Producer, director, George Levenson; writer, Eleanor Coerr; drawings, Ed Young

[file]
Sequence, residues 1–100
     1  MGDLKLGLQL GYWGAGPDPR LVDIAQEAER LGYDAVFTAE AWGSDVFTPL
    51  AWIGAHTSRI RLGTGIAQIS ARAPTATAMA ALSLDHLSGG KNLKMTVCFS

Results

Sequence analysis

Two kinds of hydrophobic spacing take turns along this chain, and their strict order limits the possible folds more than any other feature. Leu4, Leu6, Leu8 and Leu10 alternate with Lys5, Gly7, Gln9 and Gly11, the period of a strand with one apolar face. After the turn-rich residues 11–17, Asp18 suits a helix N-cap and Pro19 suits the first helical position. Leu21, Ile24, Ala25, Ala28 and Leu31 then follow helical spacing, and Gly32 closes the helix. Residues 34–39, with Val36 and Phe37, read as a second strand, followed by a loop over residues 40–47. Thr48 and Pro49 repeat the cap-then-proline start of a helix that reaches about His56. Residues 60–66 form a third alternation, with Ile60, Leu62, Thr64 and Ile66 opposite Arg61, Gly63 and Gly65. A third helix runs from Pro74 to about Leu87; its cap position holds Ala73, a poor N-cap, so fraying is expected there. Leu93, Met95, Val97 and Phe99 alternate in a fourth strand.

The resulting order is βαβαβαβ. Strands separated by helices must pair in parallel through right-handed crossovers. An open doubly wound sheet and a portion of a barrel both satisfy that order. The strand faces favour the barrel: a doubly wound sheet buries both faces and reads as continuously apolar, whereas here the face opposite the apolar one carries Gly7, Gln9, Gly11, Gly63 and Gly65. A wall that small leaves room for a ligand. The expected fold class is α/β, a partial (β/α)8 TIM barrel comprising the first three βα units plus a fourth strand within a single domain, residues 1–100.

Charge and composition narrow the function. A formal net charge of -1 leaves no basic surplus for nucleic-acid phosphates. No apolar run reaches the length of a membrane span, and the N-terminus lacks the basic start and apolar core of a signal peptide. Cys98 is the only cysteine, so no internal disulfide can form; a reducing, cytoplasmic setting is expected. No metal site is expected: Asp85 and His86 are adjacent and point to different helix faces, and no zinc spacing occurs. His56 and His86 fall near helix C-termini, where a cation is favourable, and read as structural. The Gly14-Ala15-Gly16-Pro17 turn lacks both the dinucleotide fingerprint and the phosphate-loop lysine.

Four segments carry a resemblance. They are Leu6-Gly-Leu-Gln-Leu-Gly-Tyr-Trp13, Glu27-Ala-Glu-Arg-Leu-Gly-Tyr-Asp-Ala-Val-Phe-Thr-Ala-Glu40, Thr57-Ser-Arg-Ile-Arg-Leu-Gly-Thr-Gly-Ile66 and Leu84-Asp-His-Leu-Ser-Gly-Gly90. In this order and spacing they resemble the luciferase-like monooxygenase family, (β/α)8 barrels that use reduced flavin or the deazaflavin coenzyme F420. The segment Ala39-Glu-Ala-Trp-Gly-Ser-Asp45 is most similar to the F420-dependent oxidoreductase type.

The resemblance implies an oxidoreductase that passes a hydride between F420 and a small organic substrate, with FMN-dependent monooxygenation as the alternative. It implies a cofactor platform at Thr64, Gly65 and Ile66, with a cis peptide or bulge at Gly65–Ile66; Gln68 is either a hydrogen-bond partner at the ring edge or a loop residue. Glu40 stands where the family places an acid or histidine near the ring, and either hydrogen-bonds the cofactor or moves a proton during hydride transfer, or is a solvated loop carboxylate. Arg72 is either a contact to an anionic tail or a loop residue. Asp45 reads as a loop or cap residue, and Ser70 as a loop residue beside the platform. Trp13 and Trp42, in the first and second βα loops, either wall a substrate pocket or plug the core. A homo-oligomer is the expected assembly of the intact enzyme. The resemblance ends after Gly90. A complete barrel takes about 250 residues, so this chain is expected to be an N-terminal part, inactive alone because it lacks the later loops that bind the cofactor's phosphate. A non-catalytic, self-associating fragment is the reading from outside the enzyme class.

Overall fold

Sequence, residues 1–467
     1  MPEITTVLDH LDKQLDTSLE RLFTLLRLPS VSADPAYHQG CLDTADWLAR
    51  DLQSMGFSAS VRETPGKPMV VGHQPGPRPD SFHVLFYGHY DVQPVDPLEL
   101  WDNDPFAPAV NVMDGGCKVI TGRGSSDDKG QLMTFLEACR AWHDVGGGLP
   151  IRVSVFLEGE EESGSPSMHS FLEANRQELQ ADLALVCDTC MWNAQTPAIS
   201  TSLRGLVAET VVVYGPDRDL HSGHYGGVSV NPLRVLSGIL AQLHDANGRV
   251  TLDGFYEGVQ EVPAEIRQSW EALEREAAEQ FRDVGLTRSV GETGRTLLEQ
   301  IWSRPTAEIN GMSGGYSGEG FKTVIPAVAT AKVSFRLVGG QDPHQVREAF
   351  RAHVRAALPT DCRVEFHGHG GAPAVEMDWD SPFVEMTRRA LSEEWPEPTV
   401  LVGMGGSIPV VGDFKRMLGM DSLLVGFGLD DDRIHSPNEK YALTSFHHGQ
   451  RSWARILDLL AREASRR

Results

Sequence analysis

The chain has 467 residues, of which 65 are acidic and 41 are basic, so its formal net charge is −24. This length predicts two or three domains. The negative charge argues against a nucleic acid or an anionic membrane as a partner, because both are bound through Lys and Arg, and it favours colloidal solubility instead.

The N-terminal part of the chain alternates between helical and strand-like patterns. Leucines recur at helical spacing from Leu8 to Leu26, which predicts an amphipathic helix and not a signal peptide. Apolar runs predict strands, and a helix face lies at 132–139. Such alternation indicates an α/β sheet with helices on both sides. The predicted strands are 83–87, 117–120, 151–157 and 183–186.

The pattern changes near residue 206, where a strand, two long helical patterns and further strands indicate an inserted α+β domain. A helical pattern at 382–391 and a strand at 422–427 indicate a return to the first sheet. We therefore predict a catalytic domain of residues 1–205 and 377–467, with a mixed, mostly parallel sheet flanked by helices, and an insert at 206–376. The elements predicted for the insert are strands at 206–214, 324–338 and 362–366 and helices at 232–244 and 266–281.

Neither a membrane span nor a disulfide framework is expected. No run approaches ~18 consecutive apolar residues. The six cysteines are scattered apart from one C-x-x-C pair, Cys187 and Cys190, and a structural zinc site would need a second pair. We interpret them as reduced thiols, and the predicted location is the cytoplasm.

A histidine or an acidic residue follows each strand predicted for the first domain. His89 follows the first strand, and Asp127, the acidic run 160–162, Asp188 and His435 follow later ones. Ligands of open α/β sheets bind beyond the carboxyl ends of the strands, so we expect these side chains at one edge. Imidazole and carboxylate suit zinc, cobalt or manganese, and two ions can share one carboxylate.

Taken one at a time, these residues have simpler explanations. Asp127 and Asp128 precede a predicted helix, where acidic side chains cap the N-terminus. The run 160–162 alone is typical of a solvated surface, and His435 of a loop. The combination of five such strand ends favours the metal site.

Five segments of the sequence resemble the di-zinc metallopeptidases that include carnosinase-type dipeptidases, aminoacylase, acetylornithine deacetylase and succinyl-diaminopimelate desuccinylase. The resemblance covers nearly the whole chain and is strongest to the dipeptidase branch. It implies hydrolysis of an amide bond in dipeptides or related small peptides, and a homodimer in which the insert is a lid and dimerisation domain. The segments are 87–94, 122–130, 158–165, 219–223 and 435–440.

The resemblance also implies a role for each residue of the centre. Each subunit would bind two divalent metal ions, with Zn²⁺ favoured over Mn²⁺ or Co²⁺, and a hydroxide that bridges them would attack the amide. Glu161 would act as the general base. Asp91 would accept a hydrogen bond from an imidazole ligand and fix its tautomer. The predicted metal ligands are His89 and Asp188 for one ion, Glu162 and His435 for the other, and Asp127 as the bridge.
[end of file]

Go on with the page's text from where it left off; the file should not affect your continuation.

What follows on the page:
This iconographic film is the true story of a young Japanese girl who became a modern heroine of peace. Sadako Sasaki was born in Hiroshima in 1943. She was two when the atom bomb exploded, and until she was eleven, grew strong and healthy, excelling at track and field. One day, after a relay race at school, Sadako felt strange and dizzy but kept her condition secret. Weeks later, Sadako collapsed while running and was later diagnosed with leukemia, "the atom bomb" disease. Visiting her in the hospital, Sadako's closest friend told her that, according to an ancient legend, if she folded 1,000 paper cranes, she might be granted her wish to become well again. Though becoming weaker and weaker, Sadako continued to make the origami birds, but sadly, on October 25, 1955, she died. Friends and classmates folded the remaining paper birds so that she could be buried with the thousand cranes. Sadako's story spread throughout Japan and a Paper Crane Club was established. In 1958, a statue of Sadako was erected in Hiroshima's Peace Park. From then on, children of many nations sent paper cranes to the site of the atomic holocaust inscribed with the plea: "This is our cry, this is our prayer, Peace in the world."